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Markarian 421

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A Rose by Any Other Name...

Blazar
An artist's conception of a blazar. Image credit: NASA/Honeywell Max Q Digital Group, Dana Berry.

EUVE J1104+38.1, QSO B1101+384, RX J1104.4+3812, and dozens of other aliases are used to refer the object more commonly known as Markarian 421 - or, Mrk 421, Mkn 421, or Mark 421 for short. According to the Simbad Astronomical Database, Mark 421 is known by 59 identifiers! Why such popularity with so many cataloged names? Appearing stellar in nature to the average optical astronomer, Mark 421 is actually an extraordinary object. Broadly classified as a member of the Active Galactic Nuclei (AGN), Mark 421 is a galaxy with, as the name implies, an extremely active central region. And unlike ordinary stars that may shine in a narrow band of the electromagnetic spectrum, Mark 421 can be seen across the entire spectrum of wavelengths, from radio to gamma rays!

Subclassified as a BL Lac object, Mark 421 is one of the closest entities of its kind. Situated at 400 million light years from Earth, Mark 421 is kept under close surveillance by professionals. However, with so many windows of the electromagnetic spectrum to cover, the professional astronomer rarely observes this object at optical wavelengths. Instead, scientists depend on the vigilance of the amateur astronomer to help fill in this band of wavelengths. As such, Mark 421 stands a perfect example of professional and amateur cooperation!

The Active Galactic (Family) Nucleus

Electromagnetic 
Spectrum
In order to "see" at some wavelengths, astronomers literally had to get their equipment off the ground. While visible light, radio, and some microwave can be detected from Earth's surface, the remaining bands can only be detected by going beyond sea level and/or Earth's atmosphere. Image credit: Imagine the Universe. Click image to enlarge.

While most of the radiation emitted from a "normal" galaxy is in the form of visible light, like that of the radiation of ordinary stars, AGNs are prominent across the entire electromagnetic spectrum. Thus, astronomers needed to look beyond the visual regime to see their full potential. Recent technological advancements, such as satellite deployment, have enabled astronomers to explore energies once unattainable. In addition to the showing in a wide range of energies, AGNs also change in brightness on time scales from minutes to decades. It's no wonder then that some stars once thought to be variable, such as W Comae, AP Librae, and BL Lacertae, were in fact AGN. Only decades in the making, the study of Active Galactic Nuclei (AGN) is a fairly recent branch of astronomy.

Since the conditions of the universe when these objects were forming were different, AGNs may play a crucial role in helping astronomers piece together the early workings of the universe. In fact, AGNs may be the first objects of matter to coalesce after the Big Bang. Quasars (discussed below), in particular, may be an important key. "They [quasars] are observed almost to a redshift of 5; that is, back to when the universe was only 7 percent of its present age. If the universe turns out to be, say, 13 billion years old, quasars were alive 12 billion years ago. They are the earliest coherent structures seen" (Finkbeiner 1992). Perhaps AGNs were common in early galaxies. In a dense, young universe. expansion was not as great as it is now. Galaxies were closer and more likely to collide, perhaps giving rise to more energetic galaxies. Alternatively, it is thought that perhaps every galaxy goes through an active phase.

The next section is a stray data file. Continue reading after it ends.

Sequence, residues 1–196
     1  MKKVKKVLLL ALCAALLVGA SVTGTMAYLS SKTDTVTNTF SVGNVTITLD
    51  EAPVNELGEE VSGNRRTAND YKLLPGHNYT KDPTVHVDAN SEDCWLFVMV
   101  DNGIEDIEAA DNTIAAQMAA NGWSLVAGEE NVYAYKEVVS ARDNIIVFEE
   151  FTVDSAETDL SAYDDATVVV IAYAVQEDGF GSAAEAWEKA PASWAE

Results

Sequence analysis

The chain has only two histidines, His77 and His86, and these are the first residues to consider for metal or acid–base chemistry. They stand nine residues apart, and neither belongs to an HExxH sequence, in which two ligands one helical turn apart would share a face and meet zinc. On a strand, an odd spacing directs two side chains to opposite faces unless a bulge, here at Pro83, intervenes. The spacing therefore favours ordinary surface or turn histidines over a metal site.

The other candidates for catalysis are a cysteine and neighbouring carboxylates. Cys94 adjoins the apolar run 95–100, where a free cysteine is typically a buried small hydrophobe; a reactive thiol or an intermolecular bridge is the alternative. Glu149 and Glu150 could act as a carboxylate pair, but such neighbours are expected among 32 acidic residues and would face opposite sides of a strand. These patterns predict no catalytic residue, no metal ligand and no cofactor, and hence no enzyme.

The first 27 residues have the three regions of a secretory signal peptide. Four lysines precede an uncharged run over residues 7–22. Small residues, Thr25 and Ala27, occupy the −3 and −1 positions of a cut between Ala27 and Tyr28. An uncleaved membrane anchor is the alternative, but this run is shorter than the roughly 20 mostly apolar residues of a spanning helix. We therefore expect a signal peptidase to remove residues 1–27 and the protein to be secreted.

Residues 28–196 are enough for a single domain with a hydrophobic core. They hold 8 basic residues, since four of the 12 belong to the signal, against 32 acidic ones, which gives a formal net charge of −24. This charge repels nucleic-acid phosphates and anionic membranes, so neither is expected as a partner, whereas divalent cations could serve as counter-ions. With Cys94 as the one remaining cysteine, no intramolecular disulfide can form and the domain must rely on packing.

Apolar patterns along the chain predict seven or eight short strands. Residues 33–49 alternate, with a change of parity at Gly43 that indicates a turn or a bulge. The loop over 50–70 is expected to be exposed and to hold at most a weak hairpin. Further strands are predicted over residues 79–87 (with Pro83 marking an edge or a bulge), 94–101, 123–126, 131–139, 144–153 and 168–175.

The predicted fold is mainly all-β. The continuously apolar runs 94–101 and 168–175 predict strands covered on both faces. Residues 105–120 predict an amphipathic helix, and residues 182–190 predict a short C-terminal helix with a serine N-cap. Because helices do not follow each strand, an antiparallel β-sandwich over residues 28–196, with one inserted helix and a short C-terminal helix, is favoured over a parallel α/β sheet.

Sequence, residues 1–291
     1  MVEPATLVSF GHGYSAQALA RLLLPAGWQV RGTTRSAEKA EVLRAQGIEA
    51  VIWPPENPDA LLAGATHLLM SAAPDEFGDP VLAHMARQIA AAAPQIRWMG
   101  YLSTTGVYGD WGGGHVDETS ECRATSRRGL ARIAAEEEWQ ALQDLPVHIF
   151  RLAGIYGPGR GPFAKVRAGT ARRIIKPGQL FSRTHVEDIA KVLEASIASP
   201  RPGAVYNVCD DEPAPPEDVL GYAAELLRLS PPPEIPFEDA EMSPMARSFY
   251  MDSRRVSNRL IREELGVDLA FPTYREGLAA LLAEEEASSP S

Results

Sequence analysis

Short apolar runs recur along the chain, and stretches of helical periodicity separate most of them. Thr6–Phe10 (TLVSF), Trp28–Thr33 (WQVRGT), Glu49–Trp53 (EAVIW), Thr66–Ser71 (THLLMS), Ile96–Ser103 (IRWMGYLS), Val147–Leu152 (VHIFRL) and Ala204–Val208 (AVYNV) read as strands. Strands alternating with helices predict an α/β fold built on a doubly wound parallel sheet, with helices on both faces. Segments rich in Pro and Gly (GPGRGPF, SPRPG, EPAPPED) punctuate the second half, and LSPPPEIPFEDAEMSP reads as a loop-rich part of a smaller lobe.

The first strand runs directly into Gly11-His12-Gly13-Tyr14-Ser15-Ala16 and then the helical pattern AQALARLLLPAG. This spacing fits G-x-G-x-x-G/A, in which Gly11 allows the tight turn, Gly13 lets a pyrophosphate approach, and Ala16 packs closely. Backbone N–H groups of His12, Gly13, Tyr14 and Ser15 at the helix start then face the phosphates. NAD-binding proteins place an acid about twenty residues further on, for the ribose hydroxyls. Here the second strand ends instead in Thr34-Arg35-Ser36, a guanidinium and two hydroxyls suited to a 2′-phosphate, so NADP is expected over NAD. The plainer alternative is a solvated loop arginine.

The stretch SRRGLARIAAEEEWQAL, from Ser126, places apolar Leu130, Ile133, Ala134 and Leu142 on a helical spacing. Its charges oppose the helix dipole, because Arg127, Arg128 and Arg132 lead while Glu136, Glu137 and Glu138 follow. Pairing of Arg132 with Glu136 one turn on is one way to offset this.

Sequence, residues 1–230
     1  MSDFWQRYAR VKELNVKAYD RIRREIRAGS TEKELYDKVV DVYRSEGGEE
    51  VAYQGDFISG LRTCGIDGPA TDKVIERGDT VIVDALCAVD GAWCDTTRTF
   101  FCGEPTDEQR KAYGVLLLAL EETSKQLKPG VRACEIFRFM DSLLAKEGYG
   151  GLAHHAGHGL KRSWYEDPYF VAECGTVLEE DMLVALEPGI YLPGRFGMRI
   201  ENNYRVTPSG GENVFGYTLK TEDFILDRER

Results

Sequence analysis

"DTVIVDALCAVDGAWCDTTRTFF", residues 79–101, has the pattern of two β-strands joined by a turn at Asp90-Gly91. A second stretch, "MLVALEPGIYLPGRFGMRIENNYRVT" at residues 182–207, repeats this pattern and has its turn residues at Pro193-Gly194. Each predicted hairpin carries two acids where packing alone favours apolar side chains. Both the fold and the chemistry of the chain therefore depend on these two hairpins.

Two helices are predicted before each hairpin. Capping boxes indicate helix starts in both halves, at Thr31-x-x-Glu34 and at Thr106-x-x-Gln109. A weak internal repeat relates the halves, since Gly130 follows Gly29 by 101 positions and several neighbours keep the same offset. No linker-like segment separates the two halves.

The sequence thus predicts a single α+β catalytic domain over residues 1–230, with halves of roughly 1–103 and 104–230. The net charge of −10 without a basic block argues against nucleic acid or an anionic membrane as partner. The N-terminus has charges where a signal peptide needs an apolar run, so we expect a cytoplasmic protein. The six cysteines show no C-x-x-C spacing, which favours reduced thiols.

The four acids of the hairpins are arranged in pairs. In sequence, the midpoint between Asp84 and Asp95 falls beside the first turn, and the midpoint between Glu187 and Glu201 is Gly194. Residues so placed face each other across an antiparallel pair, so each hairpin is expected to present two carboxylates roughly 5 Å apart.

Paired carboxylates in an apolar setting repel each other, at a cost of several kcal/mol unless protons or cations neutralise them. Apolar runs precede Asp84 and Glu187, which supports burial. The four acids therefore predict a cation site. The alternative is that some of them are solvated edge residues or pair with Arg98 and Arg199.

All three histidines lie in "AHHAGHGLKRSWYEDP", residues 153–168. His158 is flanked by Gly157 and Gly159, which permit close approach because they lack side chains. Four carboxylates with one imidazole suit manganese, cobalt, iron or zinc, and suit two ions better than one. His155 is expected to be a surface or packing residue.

Regardless, astronomers have found that there are actually several main types of active galaxies: Seyfert galaxies, quasars, and blazars. Although they exhibit slightly different properties, it is believed that they may actually be the same objects but seen at different orientations from here on Earth.

Seyfert Galaxies

NGC 7742
This image of NGC 7742 looks an awful lot like a fried egg, but it is actually a Seyfert galaxy about 3,000 light-years across. Image credit: Hubble Heritage Team (AURA/STScI/NASA). Click image to enlarge.

The first rung in the ladder of AGN discoveries came in the 1940s by graduate student Carl Seyfert, at Mount Wilson Observatory. Seyfert was studying an interesting class of (mainly) spiral galaxies. While most normal galaxies show continua with absorption lines from normal stars, these galaxies additionally showed strong emission lines that were too broad and of ionization too high to be produced by the galaxy's stellar population. As these galaxies came to bear the discover's name, Seyferts seemed to emanate nearly all their radiation from a central region.

Seyfert galaxies are divided into two classes in the following manor: 1) those that have certain emission lines much broader suggesting gas with high velocities and 2) those that have similar width narrow emission lines, indicating slower moving gas (Hewitt & Poyner 1999). Astronomers found that Seyfert 1 type galaxies sometimes dim and flare by 50% or more in only a month or so. The variations imply that the size of the object could be no larger than a light-month in diameter (Finkbeiner 1992).

Quasars

X-ray Jet
Emerging from quasar GB1508+5714 is the most distant X-ray jet discovered yet at 12 billion light-years away. The illustration depicts the geometry of the false-color X-ray image shown in the upper-left-hand corner. Credit: A. Siemiginowska (CfA) et al., CXC, NASA and Illustration by M.Weiss (CXC).